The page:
A new study revealed a link between erectile dysfunction and cardiovascular disease. Men ages 60 to 70 with ED were twice as likely to suffer from heart complications.
( Mohamed Hassan | Pixabay )
There are numerous risk factors for heart disease that men should watch out for, including one sign that can be significant for older men.
What’s The Link Between Erectile Dysfunction And Heart Disease?
A new study provided a link between erectile dysfunction (ED) and cardiovascular risk. Researchers found that men with ED were twice as likely to have heart disease.
The study was published on June 11 in the American Heart Association’s journal Circulation.
Other risk factors, such as high cholesterol and high blood pressure, did not play a role in the findings. Researchers found that men were probably more likely to recognize sexual dysfunction than signs of cardiovascular disease.
Roughly 30 million American men suffer from ED. The disease has previously been linked to diabetes, Parkinson’s disease, and multiple sclerosis. Not all cases of ED can be treated with prescription medicine, and those cases that can be treated can often come with side effects. ED can happen to men of all ages.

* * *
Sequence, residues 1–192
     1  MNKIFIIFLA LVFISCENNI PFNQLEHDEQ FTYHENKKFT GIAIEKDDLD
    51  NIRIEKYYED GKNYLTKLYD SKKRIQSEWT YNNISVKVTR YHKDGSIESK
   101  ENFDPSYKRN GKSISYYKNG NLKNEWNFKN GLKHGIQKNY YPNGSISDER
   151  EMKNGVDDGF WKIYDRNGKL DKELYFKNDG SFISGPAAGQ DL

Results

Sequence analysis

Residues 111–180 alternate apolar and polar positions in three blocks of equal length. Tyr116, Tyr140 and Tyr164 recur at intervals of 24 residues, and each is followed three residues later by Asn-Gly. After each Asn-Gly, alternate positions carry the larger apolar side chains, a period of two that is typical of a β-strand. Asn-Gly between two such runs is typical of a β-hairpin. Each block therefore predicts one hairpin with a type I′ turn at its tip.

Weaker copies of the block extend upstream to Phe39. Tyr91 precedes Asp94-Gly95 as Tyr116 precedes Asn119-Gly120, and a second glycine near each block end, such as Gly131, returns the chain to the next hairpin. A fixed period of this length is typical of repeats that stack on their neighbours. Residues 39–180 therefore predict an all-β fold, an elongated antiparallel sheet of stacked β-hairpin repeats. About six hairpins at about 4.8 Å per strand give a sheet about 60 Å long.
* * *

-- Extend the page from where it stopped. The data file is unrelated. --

How Did Researchers Find This Cardiovascular Connection?
In the study, researchers examined 1,900 men between the ages of 60 to 78 years old. The participants were of various ethnic, racial, and geographic backgrounds.
Over a four-year period, there a total of 115 fatal and non-fatal heart attacks, strokes, and cardiac arrests in the study. Among the men who reported the cardiovascular issues, 6.3 percent had ED and 2.6 did not have ED.
Researchers also accounted for other risk factors, such as obesity, smoking, high blood pressure, and high cholesterol. Even after adjusting for those factors, participants with ED were still twice as likely to have heart problems.
Future Implications Of This ED Study
Although ED is not a direct cause of cardiovascular health risks, it is a sign that middle-aged men should not ignore.
“Our findings suggest that clinicians should perform further targeted screening in men with erectile dysfunction, regardless of other cardiac risk factors and should consider managing any other risk factors such as high blood pressure or cholesterol that much more aggressively,” said study senior investigator Michael Blaha, M.D.
It is suggested that men with ED should speak to a cardiologist. Meanwhile, urologists treating men with ED should refer the patients to cardiologists.
Sometimes, men will seek treatments for ED as a way to treat the heart problems. However, ED treatment is not considered the same as cardiovascular treatment. There are usually different specialists involved and different treatment methods.
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